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Arab Women Filmmakers On The Move: Films, Discourses, Supports, And Transnational Reception

Session V-07, 2022 Annual Meeting

On Friday, December 2 at 1:30 pm

Panel Description
Arab women have been filming for over fifty years now and have accumulated a rich and diverse corpus in the Middle East, in North Africa, Europe and the New World. Over the years, their work has become increasingly transnational in the creative and technical teams the filmmakers have assembled, in their financing, in their narratives, in their format, and in their circulation. Women directors are often on the move literally (geographically) and figuratively (as they negotiate identities, politics, and the establishment). Similarly, discourses of and about their films often shifts from one location to the next. Finally, the support and form of film has changed drastically since the 2000s, affecting their productions in sometimes surprising ways. This session proposes to trace the various dynamics of Arab women’s filmmaking, of its visibility and of its critical and commercial reception from the 1970s to now. It further offers to follow women’s transnational cinematic currents across the borders of the Arab world and (re)draw a genealogy of women filmmakers (e.g., how did pioneers Heiny Srour, Farida Benlyazid or Selma Baccar influence the next generations of directors thematically, politically, aesthetically?).
Media Arts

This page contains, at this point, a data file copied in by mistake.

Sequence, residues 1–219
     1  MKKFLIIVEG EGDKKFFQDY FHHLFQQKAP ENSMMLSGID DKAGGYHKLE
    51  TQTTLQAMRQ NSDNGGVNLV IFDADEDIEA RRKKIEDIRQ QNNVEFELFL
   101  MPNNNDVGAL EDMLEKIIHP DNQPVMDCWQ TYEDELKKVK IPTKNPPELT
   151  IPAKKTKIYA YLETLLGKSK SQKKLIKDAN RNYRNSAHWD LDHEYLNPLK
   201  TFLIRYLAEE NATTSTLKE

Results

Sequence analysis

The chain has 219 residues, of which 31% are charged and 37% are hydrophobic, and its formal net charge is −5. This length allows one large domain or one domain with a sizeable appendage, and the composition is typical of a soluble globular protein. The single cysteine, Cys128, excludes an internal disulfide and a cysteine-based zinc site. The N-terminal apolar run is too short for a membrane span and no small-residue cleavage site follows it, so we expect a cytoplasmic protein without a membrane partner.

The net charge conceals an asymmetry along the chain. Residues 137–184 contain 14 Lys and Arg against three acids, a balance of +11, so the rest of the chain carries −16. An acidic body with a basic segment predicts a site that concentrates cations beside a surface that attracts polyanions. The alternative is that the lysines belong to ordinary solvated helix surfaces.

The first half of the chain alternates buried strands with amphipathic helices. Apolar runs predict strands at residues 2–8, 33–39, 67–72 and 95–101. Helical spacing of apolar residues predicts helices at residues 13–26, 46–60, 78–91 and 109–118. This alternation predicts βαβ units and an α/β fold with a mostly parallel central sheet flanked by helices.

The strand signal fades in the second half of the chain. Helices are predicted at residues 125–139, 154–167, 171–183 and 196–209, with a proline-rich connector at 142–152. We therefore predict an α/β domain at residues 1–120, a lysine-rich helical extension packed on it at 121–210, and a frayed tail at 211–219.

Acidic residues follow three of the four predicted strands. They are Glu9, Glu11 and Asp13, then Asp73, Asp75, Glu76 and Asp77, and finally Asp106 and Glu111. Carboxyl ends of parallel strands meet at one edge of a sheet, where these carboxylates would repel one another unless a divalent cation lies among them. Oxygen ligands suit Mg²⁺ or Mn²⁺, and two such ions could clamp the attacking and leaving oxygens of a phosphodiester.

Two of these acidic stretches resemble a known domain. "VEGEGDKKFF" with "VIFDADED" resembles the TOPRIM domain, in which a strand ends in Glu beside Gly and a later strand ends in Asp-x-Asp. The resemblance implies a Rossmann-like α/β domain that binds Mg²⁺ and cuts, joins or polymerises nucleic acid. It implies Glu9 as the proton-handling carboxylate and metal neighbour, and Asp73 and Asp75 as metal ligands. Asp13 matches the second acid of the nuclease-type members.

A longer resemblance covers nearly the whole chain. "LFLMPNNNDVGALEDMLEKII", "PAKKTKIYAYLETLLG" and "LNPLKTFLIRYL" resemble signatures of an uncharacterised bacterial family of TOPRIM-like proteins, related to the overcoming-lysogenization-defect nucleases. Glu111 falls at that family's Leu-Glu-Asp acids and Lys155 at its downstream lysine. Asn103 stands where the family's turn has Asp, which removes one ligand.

• In 1978, filmmakers Heiny Srour and Salma Baccar along with film critic Magda Wassaf published the a manifesto titled “For the Self Expression of the Arab Woman.” The manifesto appeared in the short-lived French-language publication CineArabe, a publication whose founders, Abdou Achouba and Khmeis Khayati, hoped would animate a regional movement for politically and/or artistically engaged cinema. The manifesto assumes that Arab women have a specific perspective that emerges from their gendered position in Arab societies, a position that also stymies their work in cinema. It then calls for the support material support of women filmmakers. “For the Self Expression of Arab Women” appears at an important turning point in Arab cinema history. By the late 1970s, the region had already experienced the euphoria and disappointments of what I term “development cinema,” that is, film movements explicitly tied to a post-Bandung enthusiasm for national development. Working creatively and interstitially, enthusiastic young filmmakers to emerge from Egypt’s Higher Cinema Institute, founded in 1959 and producing its first graduating class in 1959, and from film schools in both Eastern and Western Europe had produced a number of highly creative works, including militant films, experimental works, and observational documentaries and semi-documentary fictional films through which filmmakers discovered the diversity of their recently independent homelands. Filmmakers across the region had also already experienced crushing political disappointments, the stultifying effects of local bureaucracies, and a changing landscape for material support for cinema, all of which fundamentally affected their work. Arab women had participated (albeit in rather small numbers) in the development of Arab cinema (as directors, technicians, producers, and/or critics) throughout this period. “For the Self Expression of Arab Women” also appears at the cusp of what Egypt what critic Samir Farid defined as a new realism and the emergence of intensely personal works across the region. Just one year earlier Nabihah Lutfi and Assia Djebar had directed, respectively Because Roots Will Never Die and The Nouba of the Women of Mount Chenoua each of which explores revolution (Palestinian and Algerian) through the eyes of its women and thereby demonstrating the possibility of multiple perspectives within a militant movement. This paper situates the manifesto by Srour, Baccar, and Wassef within this film history, arguing for its embeddedness within both larger political and material developments in the region, as well as the trajectory of Arab women’s work within cinema of the previous decade.